The audience witnessed a show by one of the greatest performers of our time, Prince. Image Credit: Abdel-Krim Kallouche/Gulf News

How many times can an artist leave the stage and come back to a crowd that shows no intention of leaving? Not enough times, if that artist happens to be The Artist, Prince, or The Artist Formerly Known As Prince.

On Sunday night at the closing concert for the Abu Dhabi Grand Prix, Prince flitted through genres as easily as his dextrous fingers worked the wailing strings of his guitar. He rocked, he boogied, he funked, he souled, and he R&B'd. He freaked out — on his trademark heels — dancing around like no 52-year-old should. And the audience couldn't get enough.

In pictures: Entertainment galore at F1

"Too many hits, not enough time," Prince said to a capacity crowd, as he returned to the stage for the umpteenth time.

"My name is Prince," he said, soliciting a bout of laughter. "What's your name?" A cacophony was shouted back at him.

He belted out hit after hit — familiar favourites, new material here and there, and introduced some to tracks they didn't know or might have forgotten. And he did them all with an intensity few can master.

Prince kicked off with Let's Go Crazy, and that's exactly what he did as he weaved through more than three decades' music, including Little Red Corvette, Raspbery Beret, 1999, U Got The Look, Cream and Kiss, urging his fans on in what must be the biggest mock-kiss the UAE's ever seen.

You could hear Prince's music on the radio, you could even listen to his greatest hits on your way to his concert, but nothing can prepare you for hearing him do Purple Rain live — one of many highlights of his performance. With the extended intro the fervour builds, until the singular entities in the audience forms one organism, a collective in sharing a meaningful moment, yet each alone in drawing individual meaning from the song. Yes, there were tears, bowed heads, clasped fingers, even a bent knee or two, but there was also a flailing-armed choir singing every word back to the writer of the 1984 song.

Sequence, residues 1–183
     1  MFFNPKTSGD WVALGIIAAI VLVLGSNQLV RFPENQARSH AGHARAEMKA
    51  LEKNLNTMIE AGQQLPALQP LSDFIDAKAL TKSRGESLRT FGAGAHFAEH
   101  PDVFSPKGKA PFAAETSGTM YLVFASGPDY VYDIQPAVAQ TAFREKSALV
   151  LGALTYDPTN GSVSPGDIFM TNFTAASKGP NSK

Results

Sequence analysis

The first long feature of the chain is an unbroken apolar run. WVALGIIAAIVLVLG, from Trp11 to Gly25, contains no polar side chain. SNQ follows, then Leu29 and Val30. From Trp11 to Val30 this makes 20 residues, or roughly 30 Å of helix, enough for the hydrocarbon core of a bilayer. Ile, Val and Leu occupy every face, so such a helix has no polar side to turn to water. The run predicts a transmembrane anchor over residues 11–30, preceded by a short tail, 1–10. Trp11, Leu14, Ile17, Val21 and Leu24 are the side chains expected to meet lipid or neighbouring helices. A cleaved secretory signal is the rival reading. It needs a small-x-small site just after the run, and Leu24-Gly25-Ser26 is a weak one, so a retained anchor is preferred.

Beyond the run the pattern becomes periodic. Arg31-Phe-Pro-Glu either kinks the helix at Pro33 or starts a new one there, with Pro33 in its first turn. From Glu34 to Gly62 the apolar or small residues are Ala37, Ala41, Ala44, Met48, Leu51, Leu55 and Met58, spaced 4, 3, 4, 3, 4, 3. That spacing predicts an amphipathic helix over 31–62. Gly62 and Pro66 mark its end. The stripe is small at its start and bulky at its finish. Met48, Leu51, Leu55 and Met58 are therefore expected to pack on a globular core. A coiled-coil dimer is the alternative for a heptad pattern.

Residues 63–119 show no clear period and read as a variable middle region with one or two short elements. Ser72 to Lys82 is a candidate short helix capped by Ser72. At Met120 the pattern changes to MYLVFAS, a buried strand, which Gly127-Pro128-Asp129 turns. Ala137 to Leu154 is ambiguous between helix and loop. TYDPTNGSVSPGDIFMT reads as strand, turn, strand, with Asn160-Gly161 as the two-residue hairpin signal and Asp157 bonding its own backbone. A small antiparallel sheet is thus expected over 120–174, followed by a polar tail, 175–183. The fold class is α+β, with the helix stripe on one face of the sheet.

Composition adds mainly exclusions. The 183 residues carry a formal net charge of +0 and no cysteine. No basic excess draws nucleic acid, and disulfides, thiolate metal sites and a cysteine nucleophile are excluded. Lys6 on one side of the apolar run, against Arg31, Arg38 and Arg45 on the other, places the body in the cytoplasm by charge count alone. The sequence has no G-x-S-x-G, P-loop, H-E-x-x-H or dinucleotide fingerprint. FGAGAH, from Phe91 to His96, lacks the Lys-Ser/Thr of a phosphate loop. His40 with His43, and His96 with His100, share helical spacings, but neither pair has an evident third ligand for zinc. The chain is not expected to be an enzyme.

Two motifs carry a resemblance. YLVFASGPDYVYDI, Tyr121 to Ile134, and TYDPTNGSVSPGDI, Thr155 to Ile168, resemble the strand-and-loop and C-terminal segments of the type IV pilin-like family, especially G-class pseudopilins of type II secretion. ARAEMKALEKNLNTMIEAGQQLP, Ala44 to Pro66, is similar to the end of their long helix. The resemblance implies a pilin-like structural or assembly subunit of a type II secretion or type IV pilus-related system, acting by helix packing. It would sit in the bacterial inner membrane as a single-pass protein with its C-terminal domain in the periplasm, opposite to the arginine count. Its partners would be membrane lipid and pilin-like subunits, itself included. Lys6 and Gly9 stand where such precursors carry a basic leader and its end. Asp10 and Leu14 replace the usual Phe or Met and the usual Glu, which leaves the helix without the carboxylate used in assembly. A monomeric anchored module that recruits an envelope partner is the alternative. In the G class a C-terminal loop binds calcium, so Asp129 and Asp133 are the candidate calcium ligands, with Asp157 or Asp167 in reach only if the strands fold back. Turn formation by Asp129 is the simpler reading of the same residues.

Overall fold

Finding comfort

Ducking off-stage to change out of his dapper black suit with red detail (shirt collar popped and buttoned down to his navel, of course), his back-up singers covered Sarah McLachlan's Angel, the lyrics "may you find some comfort here" rendered even more significant under a clear night sky.

Sporting a sparkly earpiece, Prince returned to the stage in a black-and-white ensemble showing off his toned arms. A showman to the core, he proceeded to dance around on the stage — on tiny wedges, no less — not breaking a sweat.

He also did Nothing Compares 2 U, the song he wrote in the 1980s that Sinéad O'Connor took to the top of the charts. Oh, his falsetto is still in place.

The audience might have come to see one of the greatest performers of our time, but Prince had other ideas: "I need someone to dance with me," he shouted to roaring cheers, and picked members from the audience to join him on stage.

Prince also had a special guest in Nicole Scherzinger and the two of them jammed together to a funky disco track surrounded by the lucky ones, as the Pussycat Doll's boyfriend Lewis Hamilton smiled on.

Hamilton's wasn't the only mobile phone capturing this remarkable moment.

"Dearly beloved," Prince said at the start of the concert in Let's Go Crazy, "We are gathered here today to get through this thing called life..."

Leaving the venue, someone wondered out loud what could possibly follow a gig like this.

The answer lies in the same song: "Afterlife."


Actor Simon Pegg and footballer's wife Carly Cole were spotted in the VIP area, and British model Kelly Brook, dancing at the front with her local minder, told tabloid! she regretted wearing her Christian Louboutin stilettos in the grassy concert pit.